Diabetes – What is Diabetes?
Diabetes is a serious illness that affects millions of people each year. It happens when the body is unable to produce enough insulin or use the insulin that it does have effectively.
Exercise, diet and medication can help prevent or delay the disease. It is also essential to be aware of the signs, to determine if there is a problem and seek treatment.
What is diabetes?
Diabetes is a chronic (long-lasting) health issue that affects the way your body turns food into energy. It occurs when your pancreas doesn’t produce enough insulin or can’t use it as effectively as it should.
Insulin is the hormone that aids your body absorb and utilize glucose, also referred to as sugar. People suffering from type 2 diabetes aren’t able to make enough insulin or their bodies aren’t able to utilize it correctly.
The blood sugar levels increase over time in both types of diabetes. This can cause issues with the eyes, kidneys and feet. It may also cause damage to the blood vessels in your heart as well as the brain.
Type 1 diabetes
Type 1 diabetes is a disease caused by an autoimmune reaction which means that your immune system attacks pancreatic cells that produce insulin and destroys them. The destruction can happen over several months or even years, eventually resulting in a complete lack of insulin.
Type 1 diabetics need to take insulin every day. They also must monitor their blood glucose levels and adjust their the insulin, food and activity levels to keep their blood sugar within a healthy range.
Type 2 diabetes
If you have type 2 diabetes your body may not utilize insulin in the way it should. Insulin is a hormone that assists your cells take blood sugar (glucose) out of your blood and into your cells so that it can be used for energy.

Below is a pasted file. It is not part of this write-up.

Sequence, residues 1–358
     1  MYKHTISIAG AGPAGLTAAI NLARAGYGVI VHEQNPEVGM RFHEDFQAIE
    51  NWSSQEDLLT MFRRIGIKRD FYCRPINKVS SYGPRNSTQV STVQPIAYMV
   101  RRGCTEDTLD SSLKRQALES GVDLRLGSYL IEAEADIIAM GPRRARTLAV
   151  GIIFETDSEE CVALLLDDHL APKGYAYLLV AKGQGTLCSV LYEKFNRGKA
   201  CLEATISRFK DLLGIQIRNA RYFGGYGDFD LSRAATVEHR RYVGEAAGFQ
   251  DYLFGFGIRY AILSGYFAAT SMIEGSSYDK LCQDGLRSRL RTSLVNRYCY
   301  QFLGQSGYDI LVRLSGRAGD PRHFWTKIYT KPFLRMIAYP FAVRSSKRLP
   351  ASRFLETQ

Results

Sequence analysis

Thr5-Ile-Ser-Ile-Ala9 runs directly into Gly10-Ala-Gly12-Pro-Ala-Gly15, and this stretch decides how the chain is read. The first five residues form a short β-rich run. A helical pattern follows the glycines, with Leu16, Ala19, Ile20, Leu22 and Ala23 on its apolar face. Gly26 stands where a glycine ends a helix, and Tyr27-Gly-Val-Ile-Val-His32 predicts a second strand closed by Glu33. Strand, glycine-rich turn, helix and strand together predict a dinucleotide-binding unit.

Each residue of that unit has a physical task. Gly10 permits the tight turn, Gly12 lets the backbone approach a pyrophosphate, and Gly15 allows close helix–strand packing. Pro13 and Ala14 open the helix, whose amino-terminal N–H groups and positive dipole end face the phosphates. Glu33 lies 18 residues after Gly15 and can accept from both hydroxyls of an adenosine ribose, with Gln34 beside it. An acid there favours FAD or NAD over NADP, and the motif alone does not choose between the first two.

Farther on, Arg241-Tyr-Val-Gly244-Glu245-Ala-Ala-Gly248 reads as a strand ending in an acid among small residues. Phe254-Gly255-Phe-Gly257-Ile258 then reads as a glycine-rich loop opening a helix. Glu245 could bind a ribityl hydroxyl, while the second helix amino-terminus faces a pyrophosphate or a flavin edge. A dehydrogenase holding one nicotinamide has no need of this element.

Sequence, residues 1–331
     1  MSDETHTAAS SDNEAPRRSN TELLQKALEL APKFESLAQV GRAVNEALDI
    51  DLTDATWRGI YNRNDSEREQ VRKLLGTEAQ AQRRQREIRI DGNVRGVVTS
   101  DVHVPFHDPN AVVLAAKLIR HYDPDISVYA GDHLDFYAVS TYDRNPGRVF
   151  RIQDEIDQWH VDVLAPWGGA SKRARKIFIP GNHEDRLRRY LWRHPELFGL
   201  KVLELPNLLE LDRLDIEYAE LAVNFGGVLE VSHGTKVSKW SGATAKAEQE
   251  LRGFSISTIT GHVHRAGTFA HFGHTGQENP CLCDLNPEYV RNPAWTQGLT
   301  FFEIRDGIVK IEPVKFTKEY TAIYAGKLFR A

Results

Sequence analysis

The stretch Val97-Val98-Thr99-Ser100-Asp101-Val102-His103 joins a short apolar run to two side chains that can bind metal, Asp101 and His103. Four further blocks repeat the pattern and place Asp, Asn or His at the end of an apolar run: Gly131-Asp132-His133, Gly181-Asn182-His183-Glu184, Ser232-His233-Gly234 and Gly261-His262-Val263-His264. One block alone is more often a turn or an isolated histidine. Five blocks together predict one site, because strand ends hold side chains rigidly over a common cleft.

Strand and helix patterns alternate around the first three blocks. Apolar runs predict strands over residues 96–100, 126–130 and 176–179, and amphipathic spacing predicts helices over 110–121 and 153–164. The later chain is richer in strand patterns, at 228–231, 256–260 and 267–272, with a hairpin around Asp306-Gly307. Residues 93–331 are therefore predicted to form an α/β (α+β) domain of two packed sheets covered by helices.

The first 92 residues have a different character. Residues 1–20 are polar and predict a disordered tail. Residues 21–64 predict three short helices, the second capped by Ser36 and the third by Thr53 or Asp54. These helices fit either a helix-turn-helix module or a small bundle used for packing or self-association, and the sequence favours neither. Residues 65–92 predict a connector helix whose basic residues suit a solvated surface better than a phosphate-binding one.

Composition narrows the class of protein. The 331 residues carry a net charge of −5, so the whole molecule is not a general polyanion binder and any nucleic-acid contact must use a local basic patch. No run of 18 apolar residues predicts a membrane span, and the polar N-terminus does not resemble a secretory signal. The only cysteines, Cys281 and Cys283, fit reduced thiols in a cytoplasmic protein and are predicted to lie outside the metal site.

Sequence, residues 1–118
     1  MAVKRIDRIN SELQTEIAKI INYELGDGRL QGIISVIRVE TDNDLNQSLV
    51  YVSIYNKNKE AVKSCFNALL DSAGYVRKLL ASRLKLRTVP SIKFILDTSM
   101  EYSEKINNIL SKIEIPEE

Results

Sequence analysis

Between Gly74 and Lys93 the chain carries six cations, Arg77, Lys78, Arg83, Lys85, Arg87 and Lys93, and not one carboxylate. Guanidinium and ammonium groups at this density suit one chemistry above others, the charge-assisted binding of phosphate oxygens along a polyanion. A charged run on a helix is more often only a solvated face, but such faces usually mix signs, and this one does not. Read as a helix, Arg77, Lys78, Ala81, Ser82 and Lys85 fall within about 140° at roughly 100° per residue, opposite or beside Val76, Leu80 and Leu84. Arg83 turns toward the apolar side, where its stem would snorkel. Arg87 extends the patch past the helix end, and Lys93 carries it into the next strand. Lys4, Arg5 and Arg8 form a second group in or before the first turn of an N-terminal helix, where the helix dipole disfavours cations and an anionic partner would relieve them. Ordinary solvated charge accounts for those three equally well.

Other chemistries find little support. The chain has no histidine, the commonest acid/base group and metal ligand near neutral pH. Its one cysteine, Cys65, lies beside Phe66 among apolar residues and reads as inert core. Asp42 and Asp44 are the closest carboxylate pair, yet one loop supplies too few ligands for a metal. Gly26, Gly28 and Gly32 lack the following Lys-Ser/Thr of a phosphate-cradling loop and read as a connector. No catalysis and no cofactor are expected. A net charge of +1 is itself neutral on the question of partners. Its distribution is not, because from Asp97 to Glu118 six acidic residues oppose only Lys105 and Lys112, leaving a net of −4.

Type 2 diabetes sufferers must treat their condition through a healthy diet and exercise. They may also have to take medication to control their blood sugar levels.
Symptoms of diabetes in women
Diabetes is a chronic disease that affects all races as well as ethnic groups, ages, and genders. However women are at higher risk than men.
Women with diabetes have a greater chance of developing complications compared to men, such as heart disease (the most commonly reported diabetes complication) and vision loss.
One of the early warning signs of diabetes in women is increased thirst and urinary frequency, also known as polydipsia. This is due to diabetes causing excess sugar to build up in the bloodstream and the kidneys aren’t able filter it out properly.
Diabetes in men Men: Symptoms
Diabetes is a condition where cells are not able to use glucose (blood sugar) as energy. This is usually because the pancreas does not produce enough insulin.
This results in elevated blood sugar levels. Your body then tries to lower the level by flushing the excess glucose in your bloodstream through urine.
Diabetes patients are often thirsty, and need to drink plenty of fluids.
Men may also experience weight loss since their bodies break down muscle to make energy instead of fat. This is due to the fact that their blood sugar levels are high for extended periods.
A balanced diet for diabetes is an important aspect of managing the condition. It can help control blood sugar levels control weight and reduce the risk factors for heart disease.
You should include whole food items in your diet, like fruits, vegetables and whole grains. Also, dairy products that are low in fat products as well as legumes, beans and beans are excellent choices. It should be low in added sugars and saturated fats (unhealthy).
You may also need to limit the amount of sugar-sweetened beverages you consume. These drinks usually contain high levels of sugar in them which can result in elevated blood sugar levels.
Your doctor might prescribe diabetes medications to help keep your blood sugar (glucose) levels within a normal range. These medications are typically combined with lifestyle changes, such as exercise and diet to help manage the condition.
If your blood sugar levels are not well controlled with one medicine, you may need to add a second medication. Your doctor will guide you to determine the most appropriate medicine to meet your needs and preferences.
Newer medications, such as sodium-glucose -cotransporter-2 inhibitors, and glucagon peptide-1 receptor antagonists, lower blood sugar levels and are beneficial for the kidneys and cardiovascular system, while decreasing the chance of developing complications. They can also be beneficial for weight loss and are available in injectable and tablet forms.